Babes in TV land: Not tuned in, after all

Turn it off! Limit it! Do everything you can to keep your children's consumption of television to the bare minimum! We parents hear this message all year long, and this week, during Turnoff Week, the drums will beat especially loudly.

What we seldom get is research-based advice about when to turn on the TV.

The Kaiser Family Foundation says that 53 percent of families with children 6 and under have the set on at least half the time they're home. Yet parents are mostly in the dark about what our kids, especially the youngest, can actually understand. We think that as long as we expose them to "good," educational programming and public television, we're ensuring their positive development.

It's not so simple. We assume our children can make sense of what they watch. We forget that huge cognitive leaps occur between the ages of 1 and 7. Researchers, it turns out, doubt that a 1-year-old can even make sense of the sequence of information on the screen, let alone pick up the wholesome messages in "Sesame Street." There's almost no evidence that children under 5 pick up on the moral lessons in "VeggieTales" or the supposedly character-building themes of many Disney movies.


In a recent study at the University of Wisconsin, kindergarteners watched a 10-minute episode of PBS' "Clifford the Big Red Dog" in which Clifford and his friends interact with a three-legged dog. At first, the characters fear the dog, worry that they might get sick from being around him and treat him as if he's different. After the dog tells them he just wants to be friends, everyone becomes pals.

Most of the children showed no sign of having extracted the lesson of tolerance for those with disabilities. Some got the opposite message. One child told researchers he learned that "you should be careful ... not to get sick, not to get germs." Children seemed to zoom in on the negative parts of the story and forget the positive ending.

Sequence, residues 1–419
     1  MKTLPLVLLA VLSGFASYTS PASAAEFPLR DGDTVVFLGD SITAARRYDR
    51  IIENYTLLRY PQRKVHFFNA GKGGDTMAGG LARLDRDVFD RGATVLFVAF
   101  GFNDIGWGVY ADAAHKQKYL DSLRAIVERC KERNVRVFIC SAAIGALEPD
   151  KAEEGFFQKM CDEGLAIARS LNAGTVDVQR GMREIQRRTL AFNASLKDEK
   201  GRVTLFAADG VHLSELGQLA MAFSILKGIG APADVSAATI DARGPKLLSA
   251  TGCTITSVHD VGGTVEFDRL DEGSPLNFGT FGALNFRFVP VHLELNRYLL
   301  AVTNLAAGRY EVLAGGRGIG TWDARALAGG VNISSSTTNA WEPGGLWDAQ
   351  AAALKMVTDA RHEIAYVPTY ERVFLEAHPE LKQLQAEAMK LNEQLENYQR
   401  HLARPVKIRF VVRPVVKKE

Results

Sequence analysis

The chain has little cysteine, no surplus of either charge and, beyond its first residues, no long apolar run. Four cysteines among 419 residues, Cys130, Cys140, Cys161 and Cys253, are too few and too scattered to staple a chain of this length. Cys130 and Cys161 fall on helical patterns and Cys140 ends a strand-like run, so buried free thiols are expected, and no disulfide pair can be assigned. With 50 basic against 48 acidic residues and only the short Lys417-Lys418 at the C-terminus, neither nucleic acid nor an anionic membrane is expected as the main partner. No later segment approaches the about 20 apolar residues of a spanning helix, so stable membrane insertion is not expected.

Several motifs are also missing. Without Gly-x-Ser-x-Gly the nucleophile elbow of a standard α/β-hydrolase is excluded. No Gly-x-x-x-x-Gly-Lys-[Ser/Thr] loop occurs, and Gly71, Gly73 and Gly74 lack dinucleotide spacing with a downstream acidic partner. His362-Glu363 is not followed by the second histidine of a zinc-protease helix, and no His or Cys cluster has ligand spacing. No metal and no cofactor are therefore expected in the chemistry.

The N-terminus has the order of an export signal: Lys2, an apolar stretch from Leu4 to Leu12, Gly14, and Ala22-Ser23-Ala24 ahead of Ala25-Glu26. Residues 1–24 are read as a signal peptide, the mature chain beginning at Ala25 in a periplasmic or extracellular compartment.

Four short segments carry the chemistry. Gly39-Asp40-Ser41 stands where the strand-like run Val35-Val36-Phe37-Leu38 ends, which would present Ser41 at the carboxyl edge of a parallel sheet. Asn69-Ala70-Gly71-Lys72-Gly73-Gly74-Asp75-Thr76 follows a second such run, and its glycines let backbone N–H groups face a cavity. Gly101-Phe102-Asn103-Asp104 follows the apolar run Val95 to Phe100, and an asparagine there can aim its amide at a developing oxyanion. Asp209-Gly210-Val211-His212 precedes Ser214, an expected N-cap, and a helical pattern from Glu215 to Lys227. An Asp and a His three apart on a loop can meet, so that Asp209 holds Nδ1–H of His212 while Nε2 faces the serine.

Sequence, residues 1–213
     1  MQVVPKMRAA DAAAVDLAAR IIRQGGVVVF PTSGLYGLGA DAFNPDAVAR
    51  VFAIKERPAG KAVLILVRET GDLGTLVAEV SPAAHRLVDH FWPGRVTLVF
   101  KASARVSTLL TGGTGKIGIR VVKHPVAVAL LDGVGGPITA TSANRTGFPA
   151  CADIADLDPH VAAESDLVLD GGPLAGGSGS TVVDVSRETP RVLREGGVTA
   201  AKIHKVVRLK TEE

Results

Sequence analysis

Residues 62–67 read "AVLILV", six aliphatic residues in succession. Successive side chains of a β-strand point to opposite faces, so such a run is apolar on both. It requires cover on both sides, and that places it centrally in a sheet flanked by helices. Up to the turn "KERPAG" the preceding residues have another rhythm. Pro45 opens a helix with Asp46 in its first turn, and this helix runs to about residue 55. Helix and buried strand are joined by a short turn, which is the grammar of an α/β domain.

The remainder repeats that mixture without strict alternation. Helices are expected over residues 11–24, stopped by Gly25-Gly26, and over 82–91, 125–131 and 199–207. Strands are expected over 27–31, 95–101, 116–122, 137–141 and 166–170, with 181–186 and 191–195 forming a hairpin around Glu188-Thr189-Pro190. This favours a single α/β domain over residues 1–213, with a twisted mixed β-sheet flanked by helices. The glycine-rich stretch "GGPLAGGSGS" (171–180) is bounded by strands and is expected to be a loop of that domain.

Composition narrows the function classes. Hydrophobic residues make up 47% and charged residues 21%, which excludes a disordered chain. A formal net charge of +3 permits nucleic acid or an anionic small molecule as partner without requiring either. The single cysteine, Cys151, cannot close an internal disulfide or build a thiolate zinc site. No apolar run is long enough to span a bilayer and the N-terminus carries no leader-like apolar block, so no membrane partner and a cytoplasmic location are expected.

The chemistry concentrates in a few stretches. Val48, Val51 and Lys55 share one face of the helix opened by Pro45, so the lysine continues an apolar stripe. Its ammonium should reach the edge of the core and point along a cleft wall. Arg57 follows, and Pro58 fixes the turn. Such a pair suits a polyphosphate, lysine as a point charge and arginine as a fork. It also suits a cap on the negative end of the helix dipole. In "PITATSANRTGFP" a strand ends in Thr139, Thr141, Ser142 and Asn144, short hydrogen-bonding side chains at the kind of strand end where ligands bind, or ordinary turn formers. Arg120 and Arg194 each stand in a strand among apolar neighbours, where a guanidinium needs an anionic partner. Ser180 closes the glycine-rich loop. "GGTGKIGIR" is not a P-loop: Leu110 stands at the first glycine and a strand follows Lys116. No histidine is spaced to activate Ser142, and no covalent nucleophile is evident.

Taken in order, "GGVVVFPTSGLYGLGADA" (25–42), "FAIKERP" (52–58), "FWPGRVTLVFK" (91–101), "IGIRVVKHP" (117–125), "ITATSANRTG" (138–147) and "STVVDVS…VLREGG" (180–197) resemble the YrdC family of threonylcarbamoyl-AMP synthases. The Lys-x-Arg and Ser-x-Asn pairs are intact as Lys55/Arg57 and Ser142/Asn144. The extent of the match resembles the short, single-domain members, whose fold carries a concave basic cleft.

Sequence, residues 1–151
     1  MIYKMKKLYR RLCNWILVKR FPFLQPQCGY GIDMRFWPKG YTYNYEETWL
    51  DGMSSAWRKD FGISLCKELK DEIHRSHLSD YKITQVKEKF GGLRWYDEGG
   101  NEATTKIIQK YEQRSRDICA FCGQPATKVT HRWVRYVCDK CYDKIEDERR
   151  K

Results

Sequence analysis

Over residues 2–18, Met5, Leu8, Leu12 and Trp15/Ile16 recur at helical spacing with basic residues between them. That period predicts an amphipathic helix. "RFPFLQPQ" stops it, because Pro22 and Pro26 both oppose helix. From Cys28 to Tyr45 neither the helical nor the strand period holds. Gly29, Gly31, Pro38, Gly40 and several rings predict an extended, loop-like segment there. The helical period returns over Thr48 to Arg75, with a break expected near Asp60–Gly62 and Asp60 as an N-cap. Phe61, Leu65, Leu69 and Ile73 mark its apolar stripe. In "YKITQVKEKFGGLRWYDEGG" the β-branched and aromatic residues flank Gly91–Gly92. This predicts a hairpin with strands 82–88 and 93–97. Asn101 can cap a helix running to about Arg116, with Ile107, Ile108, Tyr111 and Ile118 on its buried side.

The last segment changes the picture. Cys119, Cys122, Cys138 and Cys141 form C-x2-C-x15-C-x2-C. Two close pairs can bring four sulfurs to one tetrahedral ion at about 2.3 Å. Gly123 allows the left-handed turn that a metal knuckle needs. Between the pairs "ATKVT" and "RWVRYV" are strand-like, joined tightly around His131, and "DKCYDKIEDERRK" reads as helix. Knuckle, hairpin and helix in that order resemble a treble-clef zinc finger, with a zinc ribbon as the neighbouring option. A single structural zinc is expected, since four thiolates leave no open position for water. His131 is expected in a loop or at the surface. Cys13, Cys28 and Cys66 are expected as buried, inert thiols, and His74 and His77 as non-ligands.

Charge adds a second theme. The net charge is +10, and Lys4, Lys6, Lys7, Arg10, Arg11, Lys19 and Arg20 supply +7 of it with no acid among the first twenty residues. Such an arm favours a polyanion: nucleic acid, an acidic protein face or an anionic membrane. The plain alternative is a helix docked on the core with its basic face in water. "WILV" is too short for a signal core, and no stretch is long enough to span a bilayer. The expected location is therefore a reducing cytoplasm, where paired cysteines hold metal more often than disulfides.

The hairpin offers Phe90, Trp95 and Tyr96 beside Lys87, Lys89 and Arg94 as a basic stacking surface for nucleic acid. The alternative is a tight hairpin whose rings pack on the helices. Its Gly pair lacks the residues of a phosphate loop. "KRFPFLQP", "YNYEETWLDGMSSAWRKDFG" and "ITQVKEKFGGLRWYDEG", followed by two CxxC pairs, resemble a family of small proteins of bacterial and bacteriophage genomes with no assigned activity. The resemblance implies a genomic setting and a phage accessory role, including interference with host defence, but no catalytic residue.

Studies have shown that around age 2, children can learn words from video if an on-screen character pointedly teaches new vocabulary by, say, holding up an acorn and saying, "Here's an acorn!" When words and dialogue have no connection to what's appearing on screen, the meaning probably goes over children's heads. Rosemarie Truglio, Sesame Street vice president for education and research, says that show isn't designed to be comprehensible to children younger than 2.

When shows fit the cognitive demands of specific ages, children can certainly benefit. Studies from Yale University have shown that 2- and 3-year-olds who watched "Barney" gained more social and academic skills than children who didn't. Three- to 5-year-old children who watch "Blue's Clues" have shown gains in tests of critical thinking skills over children who've never seen the show.


Finding good programming for young children is about looking for features such as repetition and routine that help a child remember the story and message, and avoiding programs with characters that kick, punch or push each other around, actions that young children will often imitate. It's about finding shows that don't dwell on conflict, fear or anxiety, and that give more than short shrift to finding answers or resolution.

In our household, we're holding off on most Disney videos until our two girls, 4 and 6, are out of kindergarten. We rely, for example, on "Elmo's World" at age 2, "Dora the Explorer" at age 3 and "Pinky Dinky Doo" at 4. We sit down with them to try out new shows. "You thought what?" we'll say afterward. If a program was poorly designed, we're apt to get an "I dunno." When one works, our daughters bubble forth with descriptions, get inspired to make new things or play "pretend" versions of what they saw.

As children grow up in a multimedia whirlwind, parents, TV producers and educators alike will have to be aware of what they actually absorb when the screen lights up.

Lisa Guernsey is the author of "Into the Minds of Babes: How Screen Time Affects Children From Birth to Age Five." Her e-mail address is:


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